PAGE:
One of the biggest mistakes your company could make when planning a custom mobile app build, is not allocating adequate resources towards ongoing maintenance and updates.
These resources include a yearly budget for app maintenance, a plan for future updates and the people to make it happen.
An ideal mobile app maintenance plan (and budget) will include:
- Standard maintenance as a minimum – such as security updates, bug fixes and audits against the latest versions of iOS and Android
- New features and enhancements
- Performance monitoring
Here are five things that your organization should include as part of your mobile app maintenance plan.
1. Security Updates & Code Maintenance
Even if you never add a new feature or refresh the design of your mobile app, old code must be maintained. This will include:
- Security patches
- Code updates to ensure compatibility with new versions of iOS or Android, and any connected APIs
- Paying down technical debt
2. Yearly App Audits
Roughly once a year, Apple and Google release a new version of their mobile operating system. Think iOS 11 to iOS 12, or Android Oreo to Pie.
Several months before the update is pushed to smartphone owners, app developers can download a beta version and test all their apps against the new operating system.
For this reason, mobile app developers consider it imperative to include these checks and tests in your maintenance plan – as well as any needed updates and fixes that are found.
3. Design and Feature Enhancements
Think about the business software you use most often.
Would that product be where it is right now if it had never evolved beyond version one? Would your company be where it is right now if you hadn’t evolved?
Your company’s custom software is no different. Version one won’t cut it in a year’s time, let alone many years time.
This means the design of your application should stay current, both with your corporate branding, as well as current design and usability standards.
When it comes to adding features, I absolutely do not believe that more is better. The approach I do recommend is listening to user feedback, as well as your business needs, and creating features because they will add needed functionality to the app, or enhance the user experience.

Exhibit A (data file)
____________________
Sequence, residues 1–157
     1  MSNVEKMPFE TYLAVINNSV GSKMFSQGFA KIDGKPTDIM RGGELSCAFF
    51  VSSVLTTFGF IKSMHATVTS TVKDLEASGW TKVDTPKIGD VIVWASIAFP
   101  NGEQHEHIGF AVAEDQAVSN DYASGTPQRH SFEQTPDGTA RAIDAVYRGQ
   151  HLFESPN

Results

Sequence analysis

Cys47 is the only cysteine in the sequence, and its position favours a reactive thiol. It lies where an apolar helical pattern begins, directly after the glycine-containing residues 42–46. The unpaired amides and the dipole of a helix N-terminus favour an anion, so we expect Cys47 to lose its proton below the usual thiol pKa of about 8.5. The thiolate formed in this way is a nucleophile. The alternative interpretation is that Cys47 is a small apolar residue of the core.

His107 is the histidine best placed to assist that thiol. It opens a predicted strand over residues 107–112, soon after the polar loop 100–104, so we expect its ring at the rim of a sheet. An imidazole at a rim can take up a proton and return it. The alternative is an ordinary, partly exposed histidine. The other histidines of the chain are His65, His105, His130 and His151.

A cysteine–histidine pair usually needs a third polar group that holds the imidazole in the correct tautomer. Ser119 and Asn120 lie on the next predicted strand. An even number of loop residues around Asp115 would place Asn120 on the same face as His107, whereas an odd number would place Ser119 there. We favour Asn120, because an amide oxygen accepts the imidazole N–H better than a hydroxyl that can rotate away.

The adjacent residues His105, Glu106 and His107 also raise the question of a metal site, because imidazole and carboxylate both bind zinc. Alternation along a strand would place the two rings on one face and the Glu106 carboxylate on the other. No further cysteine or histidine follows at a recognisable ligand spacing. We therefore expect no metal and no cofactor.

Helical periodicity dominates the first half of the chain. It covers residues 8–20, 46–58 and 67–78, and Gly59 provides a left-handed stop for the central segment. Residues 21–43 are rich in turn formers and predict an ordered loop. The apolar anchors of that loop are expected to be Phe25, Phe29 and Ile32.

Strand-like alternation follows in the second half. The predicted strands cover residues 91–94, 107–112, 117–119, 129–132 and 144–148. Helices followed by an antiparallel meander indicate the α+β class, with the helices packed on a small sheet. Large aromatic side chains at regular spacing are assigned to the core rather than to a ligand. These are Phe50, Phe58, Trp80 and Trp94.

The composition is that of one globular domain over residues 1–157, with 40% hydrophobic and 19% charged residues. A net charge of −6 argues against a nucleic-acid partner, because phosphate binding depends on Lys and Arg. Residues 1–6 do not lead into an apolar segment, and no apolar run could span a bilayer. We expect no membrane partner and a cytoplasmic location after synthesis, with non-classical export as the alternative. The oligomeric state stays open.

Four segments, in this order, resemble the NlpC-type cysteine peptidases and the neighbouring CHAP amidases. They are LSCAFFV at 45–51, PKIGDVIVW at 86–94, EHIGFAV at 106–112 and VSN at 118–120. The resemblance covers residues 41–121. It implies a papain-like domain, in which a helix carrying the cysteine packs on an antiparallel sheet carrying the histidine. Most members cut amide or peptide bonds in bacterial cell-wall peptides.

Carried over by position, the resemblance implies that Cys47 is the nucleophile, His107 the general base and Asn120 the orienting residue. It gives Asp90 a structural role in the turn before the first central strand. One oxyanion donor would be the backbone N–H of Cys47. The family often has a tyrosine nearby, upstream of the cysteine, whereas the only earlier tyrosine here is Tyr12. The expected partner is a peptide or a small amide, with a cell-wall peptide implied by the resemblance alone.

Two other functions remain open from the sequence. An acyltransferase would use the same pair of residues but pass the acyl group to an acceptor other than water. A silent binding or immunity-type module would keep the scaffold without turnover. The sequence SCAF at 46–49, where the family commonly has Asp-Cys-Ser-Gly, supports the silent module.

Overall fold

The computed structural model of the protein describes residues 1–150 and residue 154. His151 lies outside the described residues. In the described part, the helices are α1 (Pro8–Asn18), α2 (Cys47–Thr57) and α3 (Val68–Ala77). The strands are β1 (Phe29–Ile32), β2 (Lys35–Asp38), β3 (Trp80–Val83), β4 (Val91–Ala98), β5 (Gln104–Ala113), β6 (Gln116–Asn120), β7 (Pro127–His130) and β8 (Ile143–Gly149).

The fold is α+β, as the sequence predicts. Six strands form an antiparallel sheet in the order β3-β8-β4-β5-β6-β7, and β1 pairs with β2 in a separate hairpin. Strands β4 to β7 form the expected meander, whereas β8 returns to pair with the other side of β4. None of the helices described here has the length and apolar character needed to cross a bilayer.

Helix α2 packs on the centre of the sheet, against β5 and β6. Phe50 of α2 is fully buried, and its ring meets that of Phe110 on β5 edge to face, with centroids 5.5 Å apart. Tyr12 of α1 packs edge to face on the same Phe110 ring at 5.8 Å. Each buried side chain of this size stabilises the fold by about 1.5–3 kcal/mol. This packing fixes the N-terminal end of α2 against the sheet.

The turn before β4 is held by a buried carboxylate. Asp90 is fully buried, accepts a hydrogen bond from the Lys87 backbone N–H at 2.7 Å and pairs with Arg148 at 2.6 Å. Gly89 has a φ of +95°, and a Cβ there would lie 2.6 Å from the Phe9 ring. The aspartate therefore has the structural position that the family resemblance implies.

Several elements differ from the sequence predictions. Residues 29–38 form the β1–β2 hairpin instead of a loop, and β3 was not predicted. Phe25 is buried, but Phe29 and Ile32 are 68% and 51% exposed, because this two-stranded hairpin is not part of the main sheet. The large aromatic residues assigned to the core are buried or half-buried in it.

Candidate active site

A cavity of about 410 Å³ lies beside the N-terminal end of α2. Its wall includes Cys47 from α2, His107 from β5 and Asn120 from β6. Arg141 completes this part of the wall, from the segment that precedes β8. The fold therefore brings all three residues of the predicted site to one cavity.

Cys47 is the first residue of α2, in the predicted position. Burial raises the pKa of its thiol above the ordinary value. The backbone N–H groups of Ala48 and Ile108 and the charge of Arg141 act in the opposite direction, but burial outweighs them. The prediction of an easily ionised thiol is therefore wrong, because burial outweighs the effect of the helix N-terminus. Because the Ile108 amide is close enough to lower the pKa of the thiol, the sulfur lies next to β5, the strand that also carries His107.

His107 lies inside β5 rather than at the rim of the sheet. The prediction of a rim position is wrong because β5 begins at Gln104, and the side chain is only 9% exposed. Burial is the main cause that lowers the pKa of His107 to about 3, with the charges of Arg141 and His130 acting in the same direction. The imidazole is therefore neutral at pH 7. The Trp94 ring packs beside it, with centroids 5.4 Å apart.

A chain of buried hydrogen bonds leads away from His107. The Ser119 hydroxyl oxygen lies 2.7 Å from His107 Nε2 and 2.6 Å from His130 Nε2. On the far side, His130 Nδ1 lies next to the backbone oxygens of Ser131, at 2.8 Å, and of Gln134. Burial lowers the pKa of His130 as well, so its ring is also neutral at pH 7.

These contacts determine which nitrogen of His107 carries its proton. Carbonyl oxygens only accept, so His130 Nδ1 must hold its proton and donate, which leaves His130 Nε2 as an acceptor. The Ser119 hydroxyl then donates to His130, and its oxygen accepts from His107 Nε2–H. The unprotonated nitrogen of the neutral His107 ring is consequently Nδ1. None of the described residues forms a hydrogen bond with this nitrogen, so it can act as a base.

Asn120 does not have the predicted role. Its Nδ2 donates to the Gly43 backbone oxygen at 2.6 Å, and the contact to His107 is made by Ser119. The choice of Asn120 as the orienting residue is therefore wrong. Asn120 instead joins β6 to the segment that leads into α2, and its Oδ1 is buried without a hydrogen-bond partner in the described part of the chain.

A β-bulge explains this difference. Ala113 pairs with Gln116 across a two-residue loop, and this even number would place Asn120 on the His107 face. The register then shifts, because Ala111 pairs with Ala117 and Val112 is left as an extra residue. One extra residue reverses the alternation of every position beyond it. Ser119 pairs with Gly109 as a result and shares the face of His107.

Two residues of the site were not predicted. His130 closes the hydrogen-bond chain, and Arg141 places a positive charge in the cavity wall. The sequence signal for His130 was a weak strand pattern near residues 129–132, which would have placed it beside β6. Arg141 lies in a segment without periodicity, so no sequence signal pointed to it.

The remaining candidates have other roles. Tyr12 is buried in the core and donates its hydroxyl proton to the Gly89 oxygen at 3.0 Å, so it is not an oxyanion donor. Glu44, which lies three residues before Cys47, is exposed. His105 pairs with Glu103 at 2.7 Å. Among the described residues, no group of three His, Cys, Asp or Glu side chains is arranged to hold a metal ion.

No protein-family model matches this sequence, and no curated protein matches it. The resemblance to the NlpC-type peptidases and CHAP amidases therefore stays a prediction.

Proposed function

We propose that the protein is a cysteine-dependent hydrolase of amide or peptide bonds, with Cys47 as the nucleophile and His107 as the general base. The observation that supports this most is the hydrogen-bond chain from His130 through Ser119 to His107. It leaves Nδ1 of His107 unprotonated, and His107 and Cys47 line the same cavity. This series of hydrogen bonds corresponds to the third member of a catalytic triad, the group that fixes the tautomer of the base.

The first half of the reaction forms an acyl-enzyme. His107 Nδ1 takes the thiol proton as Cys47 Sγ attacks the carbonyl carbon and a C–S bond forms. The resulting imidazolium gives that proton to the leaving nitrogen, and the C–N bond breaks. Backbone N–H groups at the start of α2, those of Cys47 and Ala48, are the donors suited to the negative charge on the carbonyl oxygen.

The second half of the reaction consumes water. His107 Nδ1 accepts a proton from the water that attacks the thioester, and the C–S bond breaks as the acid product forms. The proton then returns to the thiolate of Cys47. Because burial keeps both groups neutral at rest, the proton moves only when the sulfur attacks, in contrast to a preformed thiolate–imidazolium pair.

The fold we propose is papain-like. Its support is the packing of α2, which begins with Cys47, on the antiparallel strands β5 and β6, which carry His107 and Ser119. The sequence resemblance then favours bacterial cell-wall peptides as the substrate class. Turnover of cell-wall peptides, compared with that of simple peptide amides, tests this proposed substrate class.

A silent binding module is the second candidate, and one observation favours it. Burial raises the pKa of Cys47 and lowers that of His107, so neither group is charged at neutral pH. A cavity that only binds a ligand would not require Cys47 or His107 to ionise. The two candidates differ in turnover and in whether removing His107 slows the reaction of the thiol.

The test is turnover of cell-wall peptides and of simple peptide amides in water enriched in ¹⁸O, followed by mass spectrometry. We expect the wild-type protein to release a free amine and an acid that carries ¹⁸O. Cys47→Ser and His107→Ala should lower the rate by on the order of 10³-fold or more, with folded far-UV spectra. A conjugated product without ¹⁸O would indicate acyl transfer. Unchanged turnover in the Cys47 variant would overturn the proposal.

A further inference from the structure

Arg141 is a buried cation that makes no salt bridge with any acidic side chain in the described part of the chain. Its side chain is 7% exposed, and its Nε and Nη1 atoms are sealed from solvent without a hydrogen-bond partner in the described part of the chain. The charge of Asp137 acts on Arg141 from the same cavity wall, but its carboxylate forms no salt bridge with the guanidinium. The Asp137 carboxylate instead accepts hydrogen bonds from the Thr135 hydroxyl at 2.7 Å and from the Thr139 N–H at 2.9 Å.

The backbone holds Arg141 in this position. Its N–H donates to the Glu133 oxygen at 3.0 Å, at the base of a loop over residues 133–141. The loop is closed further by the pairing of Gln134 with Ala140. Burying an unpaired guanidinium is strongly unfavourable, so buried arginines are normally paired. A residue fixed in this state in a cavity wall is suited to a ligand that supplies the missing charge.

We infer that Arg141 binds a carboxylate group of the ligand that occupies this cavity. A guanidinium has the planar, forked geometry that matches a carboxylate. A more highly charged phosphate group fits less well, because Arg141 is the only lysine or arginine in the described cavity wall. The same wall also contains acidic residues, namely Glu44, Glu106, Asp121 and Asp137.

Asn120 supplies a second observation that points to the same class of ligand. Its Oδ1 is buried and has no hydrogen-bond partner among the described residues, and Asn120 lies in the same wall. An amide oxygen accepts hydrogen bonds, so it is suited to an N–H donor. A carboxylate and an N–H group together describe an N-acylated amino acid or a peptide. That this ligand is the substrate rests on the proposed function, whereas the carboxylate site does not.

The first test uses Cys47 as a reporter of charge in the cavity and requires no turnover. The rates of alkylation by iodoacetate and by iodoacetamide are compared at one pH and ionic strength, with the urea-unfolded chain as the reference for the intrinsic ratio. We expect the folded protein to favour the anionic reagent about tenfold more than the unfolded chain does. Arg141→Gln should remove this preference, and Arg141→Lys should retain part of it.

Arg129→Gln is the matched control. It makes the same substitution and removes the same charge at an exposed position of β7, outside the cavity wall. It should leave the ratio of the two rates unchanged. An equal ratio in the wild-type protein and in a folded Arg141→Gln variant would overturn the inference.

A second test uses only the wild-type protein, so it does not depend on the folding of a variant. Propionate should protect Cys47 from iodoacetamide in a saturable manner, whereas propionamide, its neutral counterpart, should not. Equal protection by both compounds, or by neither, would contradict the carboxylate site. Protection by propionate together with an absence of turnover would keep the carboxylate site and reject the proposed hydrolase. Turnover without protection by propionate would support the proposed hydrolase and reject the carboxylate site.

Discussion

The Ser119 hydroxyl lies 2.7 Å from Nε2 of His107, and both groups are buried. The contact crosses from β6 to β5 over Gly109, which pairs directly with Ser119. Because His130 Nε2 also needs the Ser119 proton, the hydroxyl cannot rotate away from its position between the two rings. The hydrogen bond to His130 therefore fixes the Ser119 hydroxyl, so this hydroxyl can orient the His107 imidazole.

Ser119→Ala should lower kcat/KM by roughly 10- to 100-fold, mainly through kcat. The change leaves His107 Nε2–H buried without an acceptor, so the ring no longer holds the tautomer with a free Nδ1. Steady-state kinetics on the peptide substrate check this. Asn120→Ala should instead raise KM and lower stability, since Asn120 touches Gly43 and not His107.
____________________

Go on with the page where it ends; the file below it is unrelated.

4. Performance Monitoring
Via a few lines of code inserted in the app, data is collected to alert your developers about bugs, a crash or other problems while the app is running on real users’ phones. For your marketing department, performance monitoring also keeps tracks of how many people are using your app, new downloads by day, actions taken within the app, and more.
5. App Store Listing Maintenance
If your mobile app is available in the public app stores, an update to the underlying code or design is an opportunity to push out an update to your users via the app store.
A side benefit of this is keeping a fresh “last updated” date on your app’s listing, which gives would-be users reassurance that they aren’t looking at a stagnant app. Users appreciate when companies fix bugs and ensure their software is secure and safe to use.
App design and development is not a one-time cost, but you probably already knew that if you found this blog post. The industry norm for software maintenance is about 15 to 20 percent of the original development costs each year (Source: Fierce Developer).
When creating a budget be sure to leave room for the ongoing maintenance and updates. And when interviewing app developers, ask about their maintenance plans.